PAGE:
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Stellar student wins Truman Scholarship for leadership

April 02, 2007

It’s hard to say what may have impressed the Truman Scholarship Foundation committee the most, leading them to award a $30,000 scholarship to ASU junior Megan McGinnity this week.

Perhaps it was the commitment that led her to volunteer for eight months in a state-run orphanage in Romania, or the determination that drove her to confront the human slave traffic she encountered in African fishing villages last year.

Maybe it was the fact that they surprised her by conducting the first half of the Truman interview in French, and she smoothly answered them en français.

McGinnity, a petite political science and economics major with a blazing intellect and a sincere desire to improve the human condition, is one of a kind, her professors say.

The committee seemed to agree, awarding her the prestigious Harry S. Truman Scholarship, the nation’s highest undergraduate leadership award given to about 75 college juniors each year who exhibit outstanding leadership potential and the intent to pursue careers in public service.

McGinnity, a graduate from Mesa’s Mountain View High School, had scarcely arrived at ASU in 2003 when she decided to make a difference in the lives of middle school students by creating a Model United Nations program for that age group. Inspired by her own high school experience with such a program, she researched similar efforts, joined with the YMCA to help children write papers and draft resolutions, and recruited ASU students to oversee debates. The effort was so successful that the program has continued and grown.

It was while studying in Romania on a National Security Education Program grant in 2005-2006 that she spent time with orphan children during one of the coldest winters in recent history. She shared her food with them, taught them crafts and listened to stories of hope despite their tragic circumstances. At that point, she was studying health care.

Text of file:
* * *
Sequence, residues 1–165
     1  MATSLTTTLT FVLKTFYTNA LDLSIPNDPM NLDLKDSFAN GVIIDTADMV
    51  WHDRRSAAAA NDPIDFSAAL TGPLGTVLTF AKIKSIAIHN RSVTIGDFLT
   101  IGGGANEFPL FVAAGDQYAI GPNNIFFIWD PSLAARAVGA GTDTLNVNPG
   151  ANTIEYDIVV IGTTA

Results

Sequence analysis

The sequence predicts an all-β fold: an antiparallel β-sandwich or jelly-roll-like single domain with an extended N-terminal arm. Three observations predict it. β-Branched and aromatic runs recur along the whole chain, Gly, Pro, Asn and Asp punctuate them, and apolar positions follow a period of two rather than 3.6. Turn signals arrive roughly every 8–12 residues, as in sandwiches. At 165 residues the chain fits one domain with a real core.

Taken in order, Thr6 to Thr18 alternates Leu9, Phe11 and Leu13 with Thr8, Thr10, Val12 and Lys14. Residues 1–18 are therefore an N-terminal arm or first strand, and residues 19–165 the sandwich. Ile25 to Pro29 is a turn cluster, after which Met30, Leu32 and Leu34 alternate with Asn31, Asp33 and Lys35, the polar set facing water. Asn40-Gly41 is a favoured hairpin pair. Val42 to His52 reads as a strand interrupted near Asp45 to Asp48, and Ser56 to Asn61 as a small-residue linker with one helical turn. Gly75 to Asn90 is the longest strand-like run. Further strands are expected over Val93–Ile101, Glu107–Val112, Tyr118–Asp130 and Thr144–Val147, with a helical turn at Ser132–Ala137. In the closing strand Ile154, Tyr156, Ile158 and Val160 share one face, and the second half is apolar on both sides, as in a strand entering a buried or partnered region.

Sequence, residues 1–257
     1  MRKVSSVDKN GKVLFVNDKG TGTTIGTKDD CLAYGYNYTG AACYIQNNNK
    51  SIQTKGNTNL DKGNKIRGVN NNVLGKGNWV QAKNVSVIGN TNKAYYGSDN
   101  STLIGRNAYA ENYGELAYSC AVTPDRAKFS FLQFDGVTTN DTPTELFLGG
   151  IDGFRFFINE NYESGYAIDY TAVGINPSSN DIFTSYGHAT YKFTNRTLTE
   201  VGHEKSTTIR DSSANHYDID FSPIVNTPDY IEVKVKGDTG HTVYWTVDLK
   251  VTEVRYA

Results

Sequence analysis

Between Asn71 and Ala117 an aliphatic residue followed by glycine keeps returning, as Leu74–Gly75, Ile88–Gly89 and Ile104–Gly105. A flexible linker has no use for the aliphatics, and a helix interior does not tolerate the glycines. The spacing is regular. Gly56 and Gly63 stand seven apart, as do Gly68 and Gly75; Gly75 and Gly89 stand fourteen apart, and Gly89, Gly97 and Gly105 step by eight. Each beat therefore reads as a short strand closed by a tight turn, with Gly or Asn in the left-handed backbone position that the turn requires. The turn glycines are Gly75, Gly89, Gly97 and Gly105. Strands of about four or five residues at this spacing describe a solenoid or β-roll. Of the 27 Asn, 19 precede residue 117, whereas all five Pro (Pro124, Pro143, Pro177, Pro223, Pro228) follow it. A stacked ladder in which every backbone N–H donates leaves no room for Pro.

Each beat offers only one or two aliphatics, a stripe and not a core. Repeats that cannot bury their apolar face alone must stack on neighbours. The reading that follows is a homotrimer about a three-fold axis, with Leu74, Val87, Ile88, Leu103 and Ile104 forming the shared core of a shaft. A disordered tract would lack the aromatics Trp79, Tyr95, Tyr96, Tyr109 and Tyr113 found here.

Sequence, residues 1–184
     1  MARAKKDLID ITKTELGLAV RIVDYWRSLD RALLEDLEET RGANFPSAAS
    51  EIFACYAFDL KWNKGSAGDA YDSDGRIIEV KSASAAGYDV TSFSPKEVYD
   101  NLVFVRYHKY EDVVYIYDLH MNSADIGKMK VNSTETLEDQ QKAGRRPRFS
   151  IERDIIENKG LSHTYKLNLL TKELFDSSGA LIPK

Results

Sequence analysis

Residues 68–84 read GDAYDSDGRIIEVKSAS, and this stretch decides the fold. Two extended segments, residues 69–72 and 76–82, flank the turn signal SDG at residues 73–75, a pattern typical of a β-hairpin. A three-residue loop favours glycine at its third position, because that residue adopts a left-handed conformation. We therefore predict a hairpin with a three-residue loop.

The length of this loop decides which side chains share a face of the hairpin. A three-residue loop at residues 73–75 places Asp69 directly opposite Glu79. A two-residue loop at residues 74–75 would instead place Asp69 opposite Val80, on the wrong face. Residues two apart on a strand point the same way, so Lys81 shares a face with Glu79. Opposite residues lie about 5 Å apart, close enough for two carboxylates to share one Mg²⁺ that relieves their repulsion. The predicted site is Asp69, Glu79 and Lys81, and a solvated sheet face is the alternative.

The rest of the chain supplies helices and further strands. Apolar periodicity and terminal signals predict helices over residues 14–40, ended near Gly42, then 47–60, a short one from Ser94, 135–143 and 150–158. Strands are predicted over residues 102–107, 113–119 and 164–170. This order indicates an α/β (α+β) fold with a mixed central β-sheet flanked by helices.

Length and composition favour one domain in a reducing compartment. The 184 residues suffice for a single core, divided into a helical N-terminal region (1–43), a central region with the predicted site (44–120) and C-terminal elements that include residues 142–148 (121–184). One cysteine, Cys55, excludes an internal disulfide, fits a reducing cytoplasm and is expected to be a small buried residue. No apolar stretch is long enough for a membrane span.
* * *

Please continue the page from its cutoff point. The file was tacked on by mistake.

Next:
But through her work with orphans, she heard enough about the horrors of human trafficking that she applied for – and received – a Circumnavigators Scholarship to study the economics of such transactions around the globe.

What she found shocked her.

“The U.S. Department of State estimates that each year 800,000 people are sold or forced to work against their will in the illicit yet highly profitable business of human trafficking,” McGinnity says, “and there are vast profits in buying and selling people.

“But my conversations with fishermen in poverty-stricken African villages showed me why they felt driven to trade children. In turn, the children described their love for the parents who had sold them into slavery, something I found inconceivable. I was unprepared for the emotional turmoil of sorting out their complicated perspectives.”

Poor education, poverty, naiveté and entrenched cultural customs spur the problem, but it is driven by huge profits that fuel organized crime and even terrorism, she says. Simply creating laws to punish traffickers has not worked. McGinnity says she had to put aside her indignation to understand the problem – and to think about policy changes that might work.

“Choking down pig fat with workers in Phnom Penh and accepting lavish hospitality from Rwandans who have lived through hell taught me to see the persons lurking within the statistics,” she says. “Their stories anchor my vision and drive my passion for public service.”

Following her expected ASU graduation date in May 2008, McGinnity plans to enter a joint master’s program in foreign service and economics at Georgetown University. She wants to work as an intelligence analyst in the U.S. Department of Treasury’s Office of Terrorism and Financial Intelligence, hoping to target the profits from human trafficking and safeguard the financial system against illicit use and security threats.

Allan DeSerpa, economics professor who is directing her honors thesis, is confident she will succeed. He praises her analytic ability and her work ethic, as well as “a level of energy, enthusiasm, professionalism and maturity that is rare even among experienced scholars.

“Never in 35 years of university teaching have I encountered a more impressive student,” he says. “She has earned my admiration in countless ways. I truly expect great things from her.”

At ASU, McGinnity has been a senator in Undergraduate Student Government and an undergraduate fellow in the Center for the Study of Religion and Conflict. As a junior in Barrett, the Honors College, and the College of Liberal Arts and Sciences, she already has been a course instructor in the political science department and a teaching assistant in the economics department.

In addition to funding for graduate school, the Truman award also includes a summer internship with a federal agency in Washington, D.C.